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Former gov. blasts high U.S. prison rate
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Former gov. blasts high U.S. prison rate

Jim McGreevey: penal system status quo has dire long-term impact

Former NJ Gov. James McGreevey told an NCJW gathering in Livingston that nationwide, “We are reaping the results of bad policy.”     
Former NJ Gov. James McGreevey told an NCJW gathering in Livingston that nationwide, “We are reaping the results of bad policy.”     

Former New Jersey Gov. Jim McGreevey told a gathering of National Council of Jewish Women members May 17 that the “criminal industrial complex” is largely to blame for making the United States the nation with the highest prison population in the world.

Speaking before a “lunch and learn” session of NCJW’s Essex County Section at the Livingston Community Center, McGreevey cited statistics that show that although the United States has five percent of the world’s population, 25 percent of the world’s inmates are incarcerated in American jails and prisons. 

He said such statistics mean that the country imprisons “more black Americans than South Africa did at the height of its white supremacist apartheid regime. We are spending $74 billion annually on incarceration” in the United States. The state of New York, he said, “spent more money on keeping more adult males behind bars than it did on higher public education…,” he continued. “That has an impact on whether you are going to finance pre-kindergarten and early childhood literacy…,” and the effects are dire. “The single greatest detriment to not recidivating is education.” 

McGreevey, a Democrat who served as governor from 2002 until his resignation in 2004, has worked since 2013 as executive director of the Jersey City Employment & Training Program, which aids released offenders in job training, education, and in coping with substance abuse problems.

He described America’s penal system as “sad. If you were to envision a system that arguably is in place to meliorate the bad behavior of persons it would be difficult to think of a worse solution than what we’ve achieved.”

Part of the blame, he said, was the privatization of American prisons. Given their focus on making profits, “clearly they have economic interest in maintaining the status quo. I would argue it has a long-term negative impact.”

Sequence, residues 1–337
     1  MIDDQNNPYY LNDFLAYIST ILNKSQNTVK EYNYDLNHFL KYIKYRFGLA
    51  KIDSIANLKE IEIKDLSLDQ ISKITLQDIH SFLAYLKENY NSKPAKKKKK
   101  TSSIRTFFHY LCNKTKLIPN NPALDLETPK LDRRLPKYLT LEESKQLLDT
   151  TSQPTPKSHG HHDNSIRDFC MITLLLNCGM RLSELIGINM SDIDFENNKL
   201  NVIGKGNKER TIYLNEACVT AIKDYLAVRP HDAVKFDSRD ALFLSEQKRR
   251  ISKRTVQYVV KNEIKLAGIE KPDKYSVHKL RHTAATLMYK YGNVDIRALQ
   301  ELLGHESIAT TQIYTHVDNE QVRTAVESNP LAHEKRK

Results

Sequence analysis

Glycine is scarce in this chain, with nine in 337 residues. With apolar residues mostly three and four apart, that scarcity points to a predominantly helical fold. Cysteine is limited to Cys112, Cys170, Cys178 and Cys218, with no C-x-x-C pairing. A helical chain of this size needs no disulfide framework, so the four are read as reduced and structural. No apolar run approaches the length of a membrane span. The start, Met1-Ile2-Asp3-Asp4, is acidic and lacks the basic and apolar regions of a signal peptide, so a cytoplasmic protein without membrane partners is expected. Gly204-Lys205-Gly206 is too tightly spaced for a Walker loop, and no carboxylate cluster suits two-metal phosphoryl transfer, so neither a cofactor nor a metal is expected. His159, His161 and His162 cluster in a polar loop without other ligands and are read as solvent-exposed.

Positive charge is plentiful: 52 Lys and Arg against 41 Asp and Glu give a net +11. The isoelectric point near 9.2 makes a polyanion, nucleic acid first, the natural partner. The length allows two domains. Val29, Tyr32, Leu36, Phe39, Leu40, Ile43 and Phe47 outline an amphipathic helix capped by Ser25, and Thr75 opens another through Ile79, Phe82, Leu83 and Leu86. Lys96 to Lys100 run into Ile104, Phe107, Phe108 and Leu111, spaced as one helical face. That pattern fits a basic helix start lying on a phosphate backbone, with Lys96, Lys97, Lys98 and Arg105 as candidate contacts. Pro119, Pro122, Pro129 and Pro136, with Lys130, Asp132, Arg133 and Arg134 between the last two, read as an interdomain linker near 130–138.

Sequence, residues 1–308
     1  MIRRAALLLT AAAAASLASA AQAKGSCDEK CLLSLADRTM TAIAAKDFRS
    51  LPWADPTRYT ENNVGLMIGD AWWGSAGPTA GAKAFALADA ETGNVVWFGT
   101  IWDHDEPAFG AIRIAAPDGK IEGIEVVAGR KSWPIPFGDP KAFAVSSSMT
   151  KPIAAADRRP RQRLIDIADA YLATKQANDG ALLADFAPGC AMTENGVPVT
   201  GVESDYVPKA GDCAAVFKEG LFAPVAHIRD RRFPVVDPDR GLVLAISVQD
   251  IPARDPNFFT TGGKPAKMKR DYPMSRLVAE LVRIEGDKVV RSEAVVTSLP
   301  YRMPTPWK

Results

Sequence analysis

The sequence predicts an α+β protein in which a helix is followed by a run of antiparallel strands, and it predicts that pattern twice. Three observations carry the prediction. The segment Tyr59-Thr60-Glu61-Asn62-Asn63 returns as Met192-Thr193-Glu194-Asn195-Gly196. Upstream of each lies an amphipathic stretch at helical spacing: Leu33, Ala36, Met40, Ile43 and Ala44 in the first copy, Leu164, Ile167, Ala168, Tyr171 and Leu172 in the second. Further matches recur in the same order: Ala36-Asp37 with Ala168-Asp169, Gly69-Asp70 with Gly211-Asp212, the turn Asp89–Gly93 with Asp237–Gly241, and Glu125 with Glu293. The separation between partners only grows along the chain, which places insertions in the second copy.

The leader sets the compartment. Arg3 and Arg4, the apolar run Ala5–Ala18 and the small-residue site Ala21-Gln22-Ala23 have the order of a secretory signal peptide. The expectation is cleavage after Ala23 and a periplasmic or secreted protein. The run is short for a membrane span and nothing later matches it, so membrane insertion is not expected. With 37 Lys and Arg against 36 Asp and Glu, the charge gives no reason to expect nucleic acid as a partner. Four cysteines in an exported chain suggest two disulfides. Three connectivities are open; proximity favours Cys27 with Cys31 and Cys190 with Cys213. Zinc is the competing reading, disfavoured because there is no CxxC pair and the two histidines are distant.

Pacing in front of his lunchroom audience of 150 women, McGreevey spoke with passion about a young woman named Ashley who, he said, represented the case histories of thousands of young people ensnared into dangerous and painful lives involving drugs and crime.

Ashley grew up in a Camden housing project and “all she saw was running and gunning…. She was raped six times by the time she was 14, and her mother told her to ‘buck up and get back out there and sell drugs to pay for the electric bill.’ Life is harsh. Life is brutal. You could almost think that life isn’t worth living,” he said.

Like many young people he has worked with, McGreevey said, Ashley eventually “made a rational decision to join a gang for survival.”

Although she did not become a violent criminal, she was sentenced to seven years in prison as an accomplice, “and her two children, who are now in Camden, begin to repeat the cycle all over again…. We are doing the same bloody thing year in, year out, and miraculously expecting different results.”

McGreevey asked his audience rhetorically, “Why would you take that person and put them in an institution where the worst maladaptive behavior is acquiesced to — a prison?”

He said few states provide drug and alcohol treatment for offenders. “Nationally only 11 percent of the people who are addicts and alcoholics get treatment. Seventy percent of the people behind bars today are addicts.”

He said it just “makes sense” to address inmates’ substance abuse issues “because if a person simply goes through prison and doesn’t address the basic reason for their addiction, what have we accomplished?”

McGreevey said ex-offender programs he has worked with in such places as Newark, Paterson, Toms River, and Jersey City “have changed lives and changed behaviors” by providing addiction treatment, housing in drug- and alcohol-free environments, employment, education, and connection with health care. And they have managed to find jobs for 55 percent of them. “Why? Because it is about changing behavior and holding them responsible — but yes, giving them opportunity,” he said.

The success of these programs has reduced recidivism rates in New Jersey to 19.2 percent, McGreevey said, one of the lowest in the nation. Nationally, the rate “hovers between 66 and 69 percent. If you and I were running a deli, and two-thirds of the people got sick, we would be out of business.

“We are reaping the results of bad policy,” he said, “and America can do better, not only for the sake of the nation but for every child and young person we lose.” 

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